Mopping Up Spills


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An enzyme in the blood might be used to prevent brain damage


Prof. Vivian Teichberg. preventing brain damage



The brain is our most carefully guarded organ, protected by a thick layer of bone and an internal barrier that prevents many substances from getting into brain cells. But when injury does strike – from head trauma, stroke or disease – the consequences can be devastating. This is because a substance called glutamate inundates the surrounding areas, overloading the cells in its path and setting off a chain reaction that damages whole swathes of tissue. Glutamate is always present in the brain, where it carries nerve impulses across the gaps between cells. But when this chemical is released by damaged or dying brain cells, the result is a flood that overexcites nearby cells and kills them.
A new method for ridding the brain of excess glutamate – one that takes a completely new approach to the problem – has been developed at the Weizmann Institute of Science. Previous attempts to treat glutamate damage have been based on drugs that must enter the brain in an attempt to prevent glutamate from acting. However, many drugs can’t cross the blood-brain barrier, while other promising treatments have proved ineffective in clinical trials. Prof. Vivian Teichberg of the Institute’s Neurobiology Department, working together with Prof. Yoram Shapira and Dr. Alexander Zlotnik of the Soroka Medical Center and Ben-Gurion University of the Negev, has shown that in rats, an enzyme in the blood can be activated to “mop up” toxic glutamate spills in the brain and prevent much of the damage. This method may soon be entering clinical trials to see if it can do the same for humans.
Though the brain has its own means of recycling glutamate, thus keeping this substance in balance, injury causes the system to malfunction, allowing glutamate to build up to dangerous levels. Teichberg reasoned that this problem could be circumvented by passing the glutamate from the fluid surrounding brain cells into the bloodstream. But he first had to have a clear understanding of the existing mechanism for moving glutamate from the brain to the blood. Glutamate concentrations in the blood are several times higher than in the brain, and the body must be able to pump the chemical “upstream,” from an area of low concentration to one of high concentration. Glutamate pumps, called transporters, are found on cells on the outside of blood vessels that come into contact with the brain. Transporters collect glutamate from between brain cells, creating small zones of high concentration that facilitate the release of glutamate into the bloodstream.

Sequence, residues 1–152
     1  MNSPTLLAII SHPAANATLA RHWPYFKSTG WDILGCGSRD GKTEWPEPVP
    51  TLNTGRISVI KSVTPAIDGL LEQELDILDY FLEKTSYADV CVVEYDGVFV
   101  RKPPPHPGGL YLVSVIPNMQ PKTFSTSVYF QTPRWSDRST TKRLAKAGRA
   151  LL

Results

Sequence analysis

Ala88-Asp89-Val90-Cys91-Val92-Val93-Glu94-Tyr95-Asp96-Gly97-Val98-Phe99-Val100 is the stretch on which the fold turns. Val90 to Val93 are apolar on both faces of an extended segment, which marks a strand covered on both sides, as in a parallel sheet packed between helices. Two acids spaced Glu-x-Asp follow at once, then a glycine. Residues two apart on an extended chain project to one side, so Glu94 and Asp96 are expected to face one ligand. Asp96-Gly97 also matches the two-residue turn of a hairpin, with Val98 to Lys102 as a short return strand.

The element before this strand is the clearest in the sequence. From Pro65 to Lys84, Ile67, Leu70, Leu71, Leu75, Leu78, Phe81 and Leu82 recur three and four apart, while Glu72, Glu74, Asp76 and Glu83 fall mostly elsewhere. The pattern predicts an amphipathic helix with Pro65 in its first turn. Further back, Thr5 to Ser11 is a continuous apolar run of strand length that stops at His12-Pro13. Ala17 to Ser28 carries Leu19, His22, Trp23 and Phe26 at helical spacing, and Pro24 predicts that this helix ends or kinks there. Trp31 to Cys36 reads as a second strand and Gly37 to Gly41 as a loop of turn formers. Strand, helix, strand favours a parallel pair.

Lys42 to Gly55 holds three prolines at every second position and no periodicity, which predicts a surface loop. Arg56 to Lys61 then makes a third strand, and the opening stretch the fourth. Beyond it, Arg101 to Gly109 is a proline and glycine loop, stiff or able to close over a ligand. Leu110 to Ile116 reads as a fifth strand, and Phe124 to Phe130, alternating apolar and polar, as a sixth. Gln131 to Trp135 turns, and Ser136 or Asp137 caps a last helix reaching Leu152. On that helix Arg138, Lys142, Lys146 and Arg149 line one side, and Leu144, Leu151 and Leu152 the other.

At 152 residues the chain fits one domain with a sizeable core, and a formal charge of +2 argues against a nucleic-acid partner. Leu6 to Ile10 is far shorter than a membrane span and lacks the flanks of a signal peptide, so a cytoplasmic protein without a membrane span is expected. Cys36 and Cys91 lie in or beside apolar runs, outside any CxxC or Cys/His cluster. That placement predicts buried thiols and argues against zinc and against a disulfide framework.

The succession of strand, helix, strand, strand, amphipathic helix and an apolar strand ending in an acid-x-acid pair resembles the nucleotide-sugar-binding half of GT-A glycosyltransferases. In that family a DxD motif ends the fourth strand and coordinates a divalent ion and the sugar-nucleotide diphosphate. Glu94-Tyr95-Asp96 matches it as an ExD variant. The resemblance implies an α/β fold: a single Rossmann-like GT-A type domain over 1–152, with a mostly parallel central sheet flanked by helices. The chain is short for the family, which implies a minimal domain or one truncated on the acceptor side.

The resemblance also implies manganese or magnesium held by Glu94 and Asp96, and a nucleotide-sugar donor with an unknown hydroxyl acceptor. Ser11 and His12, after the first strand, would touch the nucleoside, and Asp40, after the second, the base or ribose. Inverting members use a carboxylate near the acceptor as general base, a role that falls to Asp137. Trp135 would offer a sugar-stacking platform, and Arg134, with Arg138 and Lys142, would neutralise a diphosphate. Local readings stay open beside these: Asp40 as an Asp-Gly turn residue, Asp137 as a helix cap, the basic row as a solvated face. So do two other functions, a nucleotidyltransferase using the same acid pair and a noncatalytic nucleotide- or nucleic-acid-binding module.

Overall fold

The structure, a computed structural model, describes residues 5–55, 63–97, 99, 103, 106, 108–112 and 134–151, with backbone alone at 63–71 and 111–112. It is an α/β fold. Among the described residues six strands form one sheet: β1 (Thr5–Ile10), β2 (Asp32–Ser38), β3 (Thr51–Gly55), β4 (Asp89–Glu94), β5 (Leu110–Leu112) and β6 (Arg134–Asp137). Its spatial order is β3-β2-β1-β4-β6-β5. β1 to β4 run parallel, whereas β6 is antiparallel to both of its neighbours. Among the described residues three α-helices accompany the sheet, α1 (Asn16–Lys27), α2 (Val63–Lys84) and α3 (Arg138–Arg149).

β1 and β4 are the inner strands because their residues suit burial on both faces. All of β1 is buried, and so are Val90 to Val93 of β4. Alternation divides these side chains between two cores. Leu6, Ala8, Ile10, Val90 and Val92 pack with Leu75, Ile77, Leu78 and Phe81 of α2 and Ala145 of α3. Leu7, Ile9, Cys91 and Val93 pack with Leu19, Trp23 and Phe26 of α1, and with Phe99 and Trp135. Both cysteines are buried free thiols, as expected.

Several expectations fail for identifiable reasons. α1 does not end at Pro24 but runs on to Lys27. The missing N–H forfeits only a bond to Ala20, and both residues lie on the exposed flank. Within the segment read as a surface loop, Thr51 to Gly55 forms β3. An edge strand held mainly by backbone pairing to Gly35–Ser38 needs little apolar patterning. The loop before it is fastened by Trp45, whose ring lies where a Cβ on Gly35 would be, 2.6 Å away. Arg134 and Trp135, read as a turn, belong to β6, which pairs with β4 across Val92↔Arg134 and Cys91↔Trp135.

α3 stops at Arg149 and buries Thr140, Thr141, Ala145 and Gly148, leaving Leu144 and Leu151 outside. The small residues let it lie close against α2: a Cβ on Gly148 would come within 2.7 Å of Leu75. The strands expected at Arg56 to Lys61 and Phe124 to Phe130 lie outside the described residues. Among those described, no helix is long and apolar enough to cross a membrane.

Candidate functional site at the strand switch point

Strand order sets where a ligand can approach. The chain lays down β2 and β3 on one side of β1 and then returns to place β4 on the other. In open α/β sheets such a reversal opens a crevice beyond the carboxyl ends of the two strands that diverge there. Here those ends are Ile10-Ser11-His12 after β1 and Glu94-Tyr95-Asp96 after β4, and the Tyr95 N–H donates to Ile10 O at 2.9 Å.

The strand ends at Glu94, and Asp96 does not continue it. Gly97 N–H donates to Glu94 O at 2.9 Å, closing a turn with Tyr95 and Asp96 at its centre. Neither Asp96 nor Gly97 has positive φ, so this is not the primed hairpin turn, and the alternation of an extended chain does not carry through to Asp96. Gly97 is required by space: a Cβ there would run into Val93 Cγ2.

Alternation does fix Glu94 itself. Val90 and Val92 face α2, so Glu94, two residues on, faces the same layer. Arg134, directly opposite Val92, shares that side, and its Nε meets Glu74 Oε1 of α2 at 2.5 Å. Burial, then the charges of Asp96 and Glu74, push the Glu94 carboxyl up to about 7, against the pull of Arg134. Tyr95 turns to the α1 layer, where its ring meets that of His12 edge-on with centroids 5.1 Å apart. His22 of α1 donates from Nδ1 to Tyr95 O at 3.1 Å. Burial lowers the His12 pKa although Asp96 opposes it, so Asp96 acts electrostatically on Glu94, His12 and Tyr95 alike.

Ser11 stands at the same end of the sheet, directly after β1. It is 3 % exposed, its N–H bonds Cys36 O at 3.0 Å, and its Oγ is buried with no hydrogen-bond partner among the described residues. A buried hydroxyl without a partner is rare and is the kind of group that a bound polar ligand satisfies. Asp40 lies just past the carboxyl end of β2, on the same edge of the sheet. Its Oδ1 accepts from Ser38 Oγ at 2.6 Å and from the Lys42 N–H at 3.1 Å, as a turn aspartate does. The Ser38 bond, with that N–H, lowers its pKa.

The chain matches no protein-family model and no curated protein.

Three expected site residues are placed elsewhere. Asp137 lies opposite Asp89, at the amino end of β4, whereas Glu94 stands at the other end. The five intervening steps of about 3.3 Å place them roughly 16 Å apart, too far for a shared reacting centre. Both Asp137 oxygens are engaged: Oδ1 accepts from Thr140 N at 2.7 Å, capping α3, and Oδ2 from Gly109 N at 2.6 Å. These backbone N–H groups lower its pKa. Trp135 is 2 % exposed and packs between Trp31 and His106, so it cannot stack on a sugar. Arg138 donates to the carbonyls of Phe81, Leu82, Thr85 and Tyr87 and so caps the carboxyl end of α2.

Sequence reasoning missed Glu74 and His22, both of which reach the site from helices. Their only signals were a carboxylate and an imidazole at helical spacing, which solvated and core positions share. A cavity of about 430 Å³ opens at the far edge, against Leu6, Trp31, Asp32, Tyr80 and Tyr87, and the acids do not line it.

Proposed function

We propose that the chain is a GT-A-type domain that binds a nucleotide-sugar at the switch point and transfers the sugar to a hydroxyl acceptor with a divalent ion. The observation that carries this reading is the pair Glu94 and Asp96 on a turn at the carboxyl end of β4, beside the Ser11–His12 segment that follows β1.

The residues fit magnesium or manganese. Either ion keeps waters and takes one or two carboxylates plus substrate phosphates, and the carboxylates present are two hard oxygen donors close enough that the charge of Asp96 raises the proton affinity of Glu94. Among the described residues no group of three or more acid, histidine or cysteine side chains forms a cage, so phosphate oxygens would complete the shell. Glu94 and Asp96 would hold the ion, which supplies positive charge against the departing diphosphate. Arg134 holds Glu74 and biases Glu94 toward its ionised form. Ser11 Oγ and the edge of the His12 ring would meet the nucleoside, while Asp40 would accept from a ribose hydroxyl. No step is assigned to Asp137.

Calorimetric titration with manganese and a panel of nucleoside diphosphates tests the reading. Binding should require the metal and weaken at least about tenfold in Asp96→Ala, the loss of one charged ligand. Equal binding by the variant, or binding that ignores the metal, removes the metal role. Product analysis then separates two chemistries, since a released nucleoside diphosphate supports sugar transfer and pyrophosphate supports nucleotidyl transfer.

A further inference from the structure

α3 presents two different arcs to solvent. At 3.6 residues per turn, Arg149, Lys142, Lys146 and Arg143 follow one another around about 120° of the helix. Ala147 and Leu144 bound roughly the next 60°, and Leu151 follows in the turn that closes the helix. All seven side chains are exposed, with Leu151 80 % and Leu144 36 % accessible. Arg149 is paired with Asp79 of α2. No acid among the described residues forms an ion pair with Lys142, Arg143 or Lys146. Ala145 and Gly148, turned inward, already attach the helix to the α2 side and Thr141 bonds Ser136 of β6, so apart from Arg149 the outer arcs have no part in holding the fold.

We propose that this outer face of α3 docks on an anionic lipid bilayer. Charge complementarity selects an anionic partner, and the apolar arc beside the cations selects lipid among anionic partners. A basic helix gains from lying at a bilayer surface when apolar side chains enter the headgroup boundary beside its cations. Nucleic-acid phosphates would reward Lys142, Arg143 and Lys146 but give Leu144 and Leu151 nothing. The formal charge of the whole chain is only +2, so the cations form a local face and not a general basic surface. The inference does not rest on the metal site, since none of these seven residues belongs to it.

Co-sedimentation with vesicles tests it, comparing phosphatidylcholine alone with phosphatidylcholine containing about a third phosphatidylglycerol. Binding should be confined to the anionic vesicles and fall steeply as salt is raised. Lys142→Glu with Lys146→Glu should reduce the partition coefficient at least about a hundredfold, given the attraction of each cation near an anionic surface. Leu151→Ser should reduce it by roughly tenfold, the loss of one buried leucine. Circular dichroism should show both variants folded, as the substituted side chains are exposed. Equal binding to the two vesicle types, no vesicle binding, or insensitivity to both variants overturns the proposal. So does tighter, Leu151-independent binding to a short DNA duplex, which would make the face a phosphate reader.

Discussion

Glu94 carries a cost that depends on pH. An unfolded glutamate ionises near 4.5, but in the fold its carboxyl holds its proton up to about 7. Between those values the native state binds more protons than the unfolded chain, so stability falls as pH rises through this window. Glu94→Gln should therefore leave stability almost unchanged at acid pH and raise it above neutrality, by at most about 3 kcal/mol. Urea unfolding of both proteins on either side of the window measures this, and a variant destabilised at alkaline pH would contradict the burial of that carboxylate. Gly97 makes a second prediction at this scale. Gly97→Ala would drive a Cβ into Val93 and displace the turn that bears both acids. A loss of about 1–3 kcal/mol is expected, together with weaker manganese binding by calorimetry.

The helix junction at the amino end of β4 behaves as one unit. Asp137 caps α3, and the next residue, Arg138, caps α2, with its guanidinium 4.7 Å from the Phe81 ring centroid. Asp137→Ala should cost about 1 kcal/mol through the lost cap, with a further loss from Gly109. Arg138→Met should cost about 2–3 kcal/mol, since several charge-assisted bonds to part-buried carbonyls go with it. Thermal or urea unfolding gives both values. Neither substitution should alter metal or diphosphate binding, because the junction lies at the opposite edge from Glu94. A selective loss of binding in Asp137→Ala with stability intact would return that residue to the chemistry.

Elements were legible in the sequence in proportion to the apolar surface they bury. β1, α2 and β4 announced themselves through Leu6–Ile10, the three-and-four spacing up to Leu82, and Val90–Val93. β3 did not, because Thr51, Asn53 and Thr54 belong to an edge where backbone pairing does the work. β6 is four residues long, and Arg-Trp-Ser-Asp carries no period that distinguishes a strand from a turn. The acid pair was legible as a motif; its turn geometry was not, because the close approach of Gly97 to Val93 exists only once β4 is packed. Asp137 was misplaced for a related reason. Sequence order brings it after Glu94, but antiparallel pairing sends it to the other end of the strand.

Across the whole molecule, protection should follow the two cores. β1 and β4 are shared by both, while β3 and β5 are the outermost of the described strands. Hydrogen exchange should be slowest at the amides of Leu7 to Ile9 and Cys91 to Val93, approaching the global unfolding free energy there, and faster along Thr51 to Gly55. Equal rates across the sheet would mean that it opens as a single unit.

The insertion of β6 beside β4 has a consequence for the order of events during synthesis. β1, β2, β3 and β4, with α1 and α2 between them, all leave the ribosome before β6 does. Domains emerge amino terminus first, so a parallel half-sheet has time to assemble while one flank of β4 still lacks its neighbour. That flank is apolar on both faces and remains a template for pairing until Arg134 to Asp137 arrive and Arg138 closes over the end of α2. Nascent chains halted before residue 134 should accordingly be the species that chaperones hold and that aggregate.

Basic chemistry told Teichberg that he could affect transporter activity by manipulating the glutamate levels in the blood. When the blood’s glutamate levels are low, the increased difference in concentrations causes the brain to release more glutamate into the bloodstream. Using an enzyme called GOT that is normally present in blood to bind glutamate chemically and inactivate it, he effectively lowered glutamate levels in the blood and kicked transporter activity into high gear. In their experiments, the scientists used this method to scavenge blood glutamate in rats with simulated traumatic brain injury. They found that glutamate was effectively cleared out of the animals’ brains, and damage was prevented.
Yeda, the technology transfer arm of the Weizmann Institute, now holds a patent for this method, and a new company based on this patent, called Braintact Ltd., has been set up in Kiryat Shmona in northern Israel. It is currently operating within the framework of Meytav’s Technological Incubator. The USFDA has assured the company of a fast track to approval. If all goes well, clinical trials are planned for the near future.
Injured rat brain with and without treatment


The method could potentially be used to treat such acute brain insults as head traumas and stroke, and prevent brain and nerve damage from bacterial meningitis or nerve gas. It may also have an impact on such chronic diseases as glaucoma, amyotrophic lateral sclerosis (ALS) and HIV dementia. Teichberg: “Our method may work where others have failed, because rather than temporarily blocking the glutamate’s toxic action with drugs inside the brain, it clears the chemical away from the brain into the blood, where it can’t do any more harm.”    
Prof. Vivian Teichberg’s research is supported by the M. D. Moross Institute for Cancer Research; the Nella and Leon Benoziyo Center for Neurosciences; the Carl and Micaela Einhorn-Dominic Brain Research Institute; the Mario Negri Institute for Pharmacological Research - Weizmann Institute of Science Exchange Program; Mr. and Mrs. Irwin Green, Boca Raton, FL; and the estate of Anne Kinston, UK. Prof. Teichberg is the incumbent of the Louis and Florence Katz-Cohen Professorial Chair of Neuropharmacology.


 Shapira and Zlotnik. Testing the method